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Our spotlight series explores the musical stories and experiences that first bring people to music and what it is that inspires a lifelong love of music and the drive to share that through teaching music to others.
Jason Holmes is a professional DJ and Creative Technology and Music Teacher at Doveton College, Victoria. For the last year he has led on developing workshops and resources for Musical Futures Studio developed in partnership between Musical Futures International and Soundtrap, designed to support creativity and collaboration through cloud-based and accessible music technology . In this article he shares his musical story and some of the experiences he has had with using Musical Futures in his teaching.
Tell us your musical story
When I was four years old, I used to pretend to play the violin to classical music while my mum would play records. We lived next door to a brilliant piano teacher, so I started getting lessons in violin and piano. I was always terrible at practising, I just wanted to play, not get bogged down with theory. In my teens, I was more attracted to what was cool at the time - so I taught myself to play Nirvana, Metallica and Hendrix on guitar and bass. I learned quickly but was still terrible at practising, the art of slowing things down and learning the rules eluded me.
My brother exposed me to Electronic Music and Hip Hop with the likes of Chemical Brothers, The Prodigy and Public Enemy. The floodgates were opened and soon after we bought some turntables, with the intent to become famous DJs! The problem was, at that time there was no YouTube, nor the abundance of information available online like there is today, so we had to practice. We made mistakes and we slowly learned from them, but it took a lot of time. This led to collecting equipment for making our own music, and from there recording equipment and software.
What do you do in music outside the classroom?
I’ve been DJing for more than twenty years now, holding residencies around Melbourne and travelling interstate to perform live shows. For the past 7 years, I’ve performed with Seth Sentry, one of Australia’s most highly regarded names in Hip Hop. We’ve toured extensively internationally and nationally, performing at festivals and sell out shows, most notably appearing on The Jimmy Kimmel Show live to more than 3 million viewers. Producing and remixing Hip Hop and Electronic Music is an ongoing fascination.
What do you love about music?
Music is a puzzle, music is beautiful maths. Music challenges you to find harmony as well as discord. The process of expression can take you down all sorts of rabbit holes. For me, learning to practice meant learning to accept repetition. With repetition comes a sort of meditation, and I find that meditation in the music I make - which can be satisfying or the most frustrating thing at times. It also fascinates me that you can express an emotion or a message, or perhaps experiment with a scientific idea or concept. It’s very powerful, I’ve discovered an appreciation of science, language and maths I’d never expected through music.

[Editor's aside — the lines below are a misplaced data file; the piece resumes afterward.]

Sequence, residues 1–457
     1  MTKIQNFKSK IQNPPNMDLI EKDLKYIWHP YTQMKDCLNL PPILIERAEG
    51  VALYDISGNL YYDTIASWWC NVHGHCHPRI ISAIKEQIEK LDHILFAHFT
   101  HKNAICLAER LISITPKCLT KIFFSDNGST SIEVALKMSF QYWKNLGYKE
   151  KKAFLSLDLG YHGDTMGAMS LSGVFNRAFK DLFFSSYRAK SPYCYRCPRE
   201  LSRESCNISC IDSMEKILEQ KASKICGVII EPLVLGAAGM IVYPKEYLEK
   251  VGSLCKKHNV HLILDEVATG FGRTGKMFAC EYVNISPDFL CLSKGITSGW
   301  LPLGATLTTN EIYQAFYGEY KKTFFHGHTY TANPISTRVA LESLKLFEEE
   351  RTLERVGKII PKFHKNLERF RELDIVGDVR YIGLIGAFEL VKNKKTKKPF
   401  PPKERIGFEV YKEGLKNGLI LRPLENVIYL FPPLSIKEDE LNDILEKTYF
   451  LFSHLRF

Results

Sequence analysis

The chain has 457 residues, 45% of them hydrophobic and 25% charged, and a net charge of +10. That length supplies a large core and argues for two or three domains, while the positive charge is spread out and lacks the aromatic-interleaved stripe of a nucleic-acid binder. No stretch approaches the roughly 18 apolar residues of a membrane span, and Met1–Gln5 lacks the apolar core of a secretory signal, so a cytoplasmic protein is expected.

How has Musical Futures influenced what you do in the classroom?
One important and consistent element of my classroom is that I like to show something that inspires, the students usually in the form of a video or recording, then have every student say something about it. The rule is that you don’t have to like it, but everyone has to say something. This has created the most amazing result and after a few lessons beginning like this, the students fall naturally into a conversation with each other. It encourages them to think critically and be able to communicate ideas, which transfers to their work and collaborations.
Using a lot of modern technology in my classes, informal learning is something of a must. When you are creating music with modern tools and software, you can approach it from so many angles, so the idea to do what works for you really is the only way forward. Something that struck me early on with Musical Futures was the concept of “just play,” it reminded me of where I came from as a musician. Even if you are banging a tin can with a stick, the feeling of being involved in the music is so important. That feeling of inclusion is what will lead you to the next stage as a musician.
What impact has Musical Futures had for the students you work with?
The first time seeing a group of students with virtually zero musical literacy put together a chord progression, then tentatively add a melody and some percussion, slowly piecing it all together until they had written a whole song blew me away. The look on their faces was almost disbelief at what they were hearing, as though someone else must have created it! They had experimented their way through and polished it with the tools available to them. I proudly play that song to teachers in every PD I run.
Musical Futures is focussed on maximum engagement with students, which can’t happen unless you have maximum engagement from the people leading the students. I was a musician before I was a teacher, and I find it essential to tap into that passion and share it with the class. Passion for music is always where the best results originate.
Write something about yourself. No need to be fancy, just an overview.